Next morning we got a ride before we could even stick our thumbs out, with a guy called Doug, who was coming from Kalgourlie and headed to the other side of Esperance. He was a likable and jovial bloke, kind of like one of the seven dwarves from Snow White. He dropped us at a tiny little place about 70 kms west of Esperance, where he had to turn off. We felt kind of creepy vibes there, but after about an hour got a ride with a dude named Warik, who took us to Ravensthorpe.

There we hitched until the sun was low, but the caravan park was right there, and beckoned to us with seeming good vibes. It had trees and possibly grass…what more could we ask for. We made our way there, found a nice spot without having to walk too far, and set up camp. I went and paid…$16…not too bad. The chick working there, probably the owner/wife of owner, had tattoos coming out onto her hands and feet, probably covering most of her body. She seemed pretty cool. The caravan park was a lot like Balarnia…lots of flowers growing out of pieces of junk, metal sculpture thingies, flowers hanging in the toilets, some nice art-work on the outside of the “ablutions block.” This expression which we come across occasionally sounds like something from either the military or meat-packing industry, eh? We thought it would be nice to have a camp-fire, as it had recently rained; others had them going. I went and asked the chick if a little fire at our site would be ok, and she said fine.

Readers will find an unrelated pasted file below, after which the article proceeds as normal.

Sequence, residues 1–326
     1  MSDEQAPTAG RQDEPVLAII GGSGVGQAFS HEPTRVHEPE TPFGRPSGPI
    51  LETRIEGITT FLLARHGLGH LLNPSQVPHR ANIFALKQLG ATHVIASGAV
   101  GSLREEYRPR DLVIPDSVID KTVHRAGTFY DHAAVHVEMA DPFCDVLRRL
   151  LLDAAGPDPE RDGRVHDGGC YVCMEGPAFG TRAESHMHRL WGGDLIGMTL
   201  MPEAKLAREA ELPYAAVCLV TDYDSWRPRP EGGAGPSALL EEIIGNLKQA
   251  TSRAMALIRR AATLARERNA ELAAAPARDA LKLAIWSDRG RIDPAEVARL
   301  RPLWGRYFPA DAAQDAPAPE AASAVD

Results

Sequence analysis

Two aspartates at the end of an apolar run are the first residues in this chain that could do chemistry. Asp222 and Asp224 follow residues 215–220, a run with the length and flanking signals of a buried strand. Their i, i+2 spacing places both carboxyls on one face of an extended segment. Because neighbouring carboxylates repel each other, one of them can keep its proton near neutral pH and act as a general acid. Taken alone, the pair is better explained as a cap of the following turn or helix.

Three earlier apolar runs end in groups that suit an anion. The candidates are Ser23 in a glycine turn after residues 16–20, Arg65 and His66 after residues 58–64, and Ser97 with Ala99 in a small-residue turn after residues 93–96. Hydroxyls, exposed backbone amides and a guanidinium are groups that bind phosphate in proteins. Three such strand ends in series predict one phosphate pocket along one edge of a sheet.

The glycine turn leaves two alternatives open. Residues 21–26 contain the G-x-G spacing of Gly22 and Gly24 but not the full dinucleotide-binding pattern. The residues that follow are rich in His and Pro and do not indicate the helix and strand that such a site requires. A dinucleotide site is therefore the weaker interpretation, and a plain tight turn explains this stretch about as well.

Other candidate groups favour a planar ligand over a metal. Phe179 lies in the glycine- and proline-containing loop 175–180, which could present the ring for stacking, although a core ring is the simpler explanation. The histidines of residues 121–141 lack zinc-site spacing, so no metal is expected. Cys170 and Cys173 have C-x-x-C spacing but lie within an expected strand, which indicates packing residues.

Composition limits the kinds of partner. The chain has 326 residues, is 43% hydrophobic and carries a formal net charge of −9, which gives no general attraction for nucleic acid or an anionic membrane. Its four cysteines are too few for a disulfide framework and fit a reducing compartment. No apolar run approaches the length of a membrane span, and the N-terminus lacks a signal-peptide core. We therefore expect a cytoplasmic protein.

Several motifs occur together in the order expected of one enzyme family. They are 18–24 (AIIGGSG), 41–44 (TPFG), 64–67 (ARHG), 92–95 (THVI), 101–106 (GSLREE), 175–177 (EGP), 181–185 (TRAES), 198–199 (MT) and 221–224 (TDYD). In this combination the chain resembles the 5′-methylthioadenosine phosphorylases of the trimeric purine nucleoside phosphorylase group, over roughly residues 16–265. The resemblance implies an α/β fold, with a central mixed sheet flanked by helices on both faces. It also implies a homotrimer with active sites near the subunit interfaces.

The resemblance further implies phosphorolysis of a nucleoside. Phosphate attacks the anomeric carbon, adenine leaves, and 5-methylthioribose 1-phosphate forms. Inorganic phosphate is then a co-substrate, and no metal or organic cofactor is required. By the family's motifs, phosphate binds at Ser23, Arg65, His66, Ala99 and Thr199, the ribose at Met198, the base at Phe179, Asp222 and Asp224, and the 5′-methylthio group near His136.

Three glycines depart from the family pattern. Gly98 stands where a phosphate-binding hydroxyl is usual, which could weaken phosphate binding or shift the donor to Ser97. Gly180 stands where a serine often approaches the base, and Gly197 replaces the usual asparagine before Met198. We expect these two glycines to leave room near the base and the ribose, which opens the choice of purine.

Little did we know that the evening would bring some of the strangest happenings we ever experienced in a caravan park…something that might really freak some people out. It didn’t really phase us too much, but was more just anomalous entertainment, another ring in the huge human circus.